Friday, October 12, 2012


Urban Agriculture and the New Food Revolution!

Where is my hoe? I need it now! I want to rush out into the streets and start planting beans, tomatoes, apple trees. Literally, right on the street!
That is the conversation I had going on in my head after finishing this book.
Cockrall-King lays out her new food revolution theory. It's not an instruction manual, or a slogan filled rant, but a well researched look at examples of urban agriculture throughout the world and why it may be essential in the future. It was an eye opening look at all of the different ways we can grow food, not just on a farm outside of the city limits. For a backyard gardener like myself this was inspiring.
Jennifer's argument throughout the book was easy to follow and pretty common sense - that right now, our food system is fueled by oil (fertilizers, tractors, distribution, etc), but, if we are at 'peak' oil what will we have to do in the future? When oil becomes more expensive the cost of food will rise, until at some point it will not be affordable to continue with the current system. She points out that we will need a different way of growing food, a more sustainable way that does not rely on oil. Then she gives us a few examples from around the world and close to home here in the frosty north.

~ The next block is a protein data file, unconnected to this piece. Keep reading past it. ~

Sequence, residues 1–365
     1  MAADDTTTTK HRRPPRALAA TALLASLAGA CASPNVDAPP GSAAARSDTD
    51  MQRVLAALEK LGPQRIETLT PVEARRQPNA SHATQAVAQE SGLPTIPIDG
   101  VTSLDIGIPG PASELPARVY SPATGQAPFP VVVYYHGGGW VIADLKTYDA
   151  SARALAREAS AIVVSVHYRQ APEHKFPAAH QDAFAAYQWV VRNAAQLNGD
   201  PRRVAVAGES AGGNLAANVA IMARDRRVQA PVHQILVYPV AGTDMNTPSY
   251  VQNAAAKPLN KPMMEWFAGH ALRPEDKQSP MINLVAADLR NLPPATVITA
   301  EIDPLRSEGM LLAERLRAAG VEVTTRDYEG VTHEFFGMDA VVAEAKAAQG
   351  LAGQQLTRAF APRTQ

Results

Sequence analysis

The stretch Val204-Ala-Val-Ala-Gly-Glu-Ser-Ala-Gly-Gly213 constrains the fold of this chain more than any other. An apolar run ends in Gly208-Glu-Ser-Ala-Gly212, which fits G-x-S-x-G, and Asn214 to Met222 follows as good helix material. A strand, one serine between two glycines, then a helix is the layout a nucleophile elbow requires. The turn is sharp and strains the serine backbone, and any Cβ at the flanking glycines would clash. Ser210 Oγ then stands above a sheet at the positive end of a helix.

All of her examples stressed local food. Bringing food closer to the consumer seems to be a necessity, since shipping food thousands of kilometers is not sustainable. Different ways of growing food in cold weather was another repetitive topic. Also, integrating the growing of food, not just the eating of it, into our cities and everyday life crept up in most of the examples too.

It was interesting hearing about how other countries have unique ways of dealing with urban farming. I really liked the trip to Paris.